2. Spare gas can. Filled with fresh fuel. Gas can go bad, so make sure your spare gas tank is filled with nice fresh fuel.

    3. Maps. Compass(es). Don't leave home without a scout's most important tools! GPS is nice but nothing beats the realiability of paper maps and a compass.

    4. Shovels, tow rope, come-along (hand winch). For extricating yourself from the occasional mud-pit or snow bank.

    5. Chain saw. You probably only need one of these for the entire scouting party to remove fallen trees from forest roads. A come-along can sometimes suffice in a pinch for pulling fallen trees out of the road.

    6. Food. Water. You might be out there a while. Plan for the unexpected, like the possibility of getting trapped in the woods by snow or floods. It happens. Really. A good water filter is nice, though a cook pot for boiling available water will get you by in a worst case scenario.

    7. Tools, repair manuals. For the occassional roadside repair. Scout vehicles take a hard beating!

    8. Secondary vehicles. Nothing works quite like the buddy system. Don't go out alone if you can avoid it, nothing quite like being stuck out in the middle of nowhere alone. If you must go venturing out on your own let the rest of your expedition know your travel plans, where you're heading and when you plan on returning.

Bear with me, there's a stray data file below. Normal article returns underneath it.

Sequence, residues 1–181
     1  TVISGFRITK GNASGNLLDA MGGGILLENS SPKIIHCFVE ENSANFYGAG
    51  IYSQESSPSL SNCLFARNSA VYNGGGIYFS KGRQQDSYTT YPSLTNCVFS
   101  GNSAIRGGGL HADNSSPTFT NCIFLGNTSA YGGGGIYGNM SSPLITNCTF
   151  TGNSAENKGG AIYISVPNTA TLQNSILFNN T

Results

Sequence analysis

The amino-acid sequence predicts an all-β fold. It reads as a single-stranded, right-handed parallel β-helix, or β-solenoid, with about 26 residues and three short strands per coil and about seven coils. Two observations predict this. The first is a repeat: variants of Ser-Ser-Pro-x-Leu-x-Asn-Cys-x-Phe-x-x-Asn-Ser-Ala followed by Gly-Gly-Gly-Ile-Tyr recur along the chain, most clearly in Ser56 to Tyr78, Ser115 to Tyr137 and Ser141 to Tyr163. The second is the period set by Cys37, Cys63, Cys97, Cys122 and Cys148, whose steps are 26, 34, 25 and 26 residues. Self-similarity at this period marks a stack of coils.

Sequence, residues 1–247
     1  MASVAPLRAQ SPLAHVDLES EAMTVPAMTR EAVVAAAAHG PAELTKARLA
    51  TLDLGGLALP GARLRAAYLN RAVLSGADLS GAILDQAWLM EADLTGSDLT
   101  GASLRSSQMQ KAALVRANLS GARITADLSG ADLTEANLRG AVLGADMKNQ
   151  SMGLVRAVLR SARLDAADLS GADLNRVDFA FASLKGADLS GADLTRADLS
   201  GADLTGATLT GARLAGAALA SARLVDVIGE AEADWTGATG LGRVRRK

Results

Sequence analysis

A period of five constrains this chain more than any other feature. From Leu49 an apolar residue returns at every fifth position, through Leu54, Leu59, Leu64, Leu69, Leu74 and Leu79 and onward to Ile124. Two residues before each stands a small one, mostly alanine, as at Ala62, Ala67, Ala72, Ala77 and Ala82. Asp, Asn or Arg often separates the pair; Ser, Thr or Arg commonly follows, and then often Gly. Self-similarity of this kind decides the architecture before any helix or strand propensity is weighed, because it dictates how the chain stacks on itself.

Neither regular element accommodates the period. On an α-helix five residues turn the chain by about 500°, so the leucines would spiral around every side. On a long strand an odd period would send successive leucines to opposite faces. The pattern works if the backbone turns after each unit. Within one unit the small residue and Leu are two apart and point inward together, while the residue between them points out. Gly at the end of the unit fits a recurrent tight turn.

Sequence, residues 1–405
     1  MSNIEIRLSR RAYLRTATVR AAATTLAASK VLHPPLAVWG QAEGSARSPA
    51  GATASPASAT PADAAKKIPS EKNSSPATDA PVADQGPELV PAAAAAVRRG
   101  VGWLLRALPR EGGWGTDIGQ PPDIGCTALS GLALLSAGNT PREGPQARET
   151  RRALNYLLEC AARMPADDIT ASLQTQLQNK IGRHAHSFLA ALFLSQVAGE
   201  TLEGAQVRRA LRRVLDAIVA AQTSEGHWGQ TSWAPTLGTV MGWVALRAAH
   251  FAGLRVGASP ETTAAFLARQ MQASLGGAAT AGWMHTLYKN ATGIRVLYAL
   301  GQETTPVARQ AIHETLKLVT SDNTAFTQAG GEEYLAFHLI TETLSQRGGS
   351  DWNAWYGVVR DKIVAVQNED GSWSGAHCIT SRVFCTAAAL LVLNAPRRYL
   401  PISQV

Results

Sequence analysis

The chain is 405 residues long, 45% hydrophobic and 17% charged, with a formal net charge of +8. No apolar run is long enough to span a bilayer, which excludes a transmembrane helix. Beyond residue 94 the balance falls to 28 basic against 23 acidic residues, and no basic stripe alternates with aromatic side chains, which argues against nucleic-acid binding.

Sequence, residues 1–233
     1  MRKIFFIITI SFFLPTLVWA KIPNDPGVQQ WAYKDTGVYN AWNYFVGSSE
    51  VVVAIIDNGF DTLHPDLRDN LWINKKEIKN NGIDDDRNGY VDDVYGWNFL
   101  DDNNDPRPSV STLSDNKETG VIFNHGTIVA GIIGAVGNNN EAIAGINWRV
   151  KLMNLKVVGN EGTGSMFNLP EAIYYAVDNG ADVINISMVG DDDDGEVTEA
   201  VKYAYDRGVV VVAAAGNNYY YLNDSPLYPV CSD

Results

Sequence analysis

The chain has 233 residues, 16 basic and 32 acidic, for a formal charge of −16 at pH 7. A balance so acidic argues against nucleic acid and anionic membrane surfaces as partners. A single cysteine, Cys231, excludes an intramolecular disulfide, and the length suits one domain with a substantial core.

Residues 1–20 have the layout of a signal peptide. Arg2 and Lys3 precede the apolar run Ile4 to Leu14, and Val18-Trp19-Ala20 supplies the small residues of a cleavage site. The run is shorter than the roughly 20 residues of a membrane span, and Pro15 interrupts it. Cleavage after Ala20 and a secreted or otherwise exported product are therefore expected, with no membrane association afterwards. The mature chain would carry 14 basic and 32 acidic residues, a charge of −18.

9. Communications devices. Cell phones, CB, Walkie-Talkies and internet devices are all good ways of staying in touch with the rest of the expedition. There's nothing like redundancy because some of these won't work in remote locations.

    10. Common sense. Don't drive down a road you can't navigate safely with your vehicle. Don't go up roads you can't turn around. Don't set out if the weather is hazardous. Just because a map says something is a road doesn't make it so in the real world. Always get out and actually look at the path of travel before driving it if you're not sure.

    11. Your sense of adventure. Get out there and discover our forests! If you feel a calling to drive down a particular road, go ahead and do it, you may never make it back that way again.

  14. Thanks again for valuable. It has been snowing a lot this week in Montana, so I hope the folks have done their research and are prepared for snow while scouting.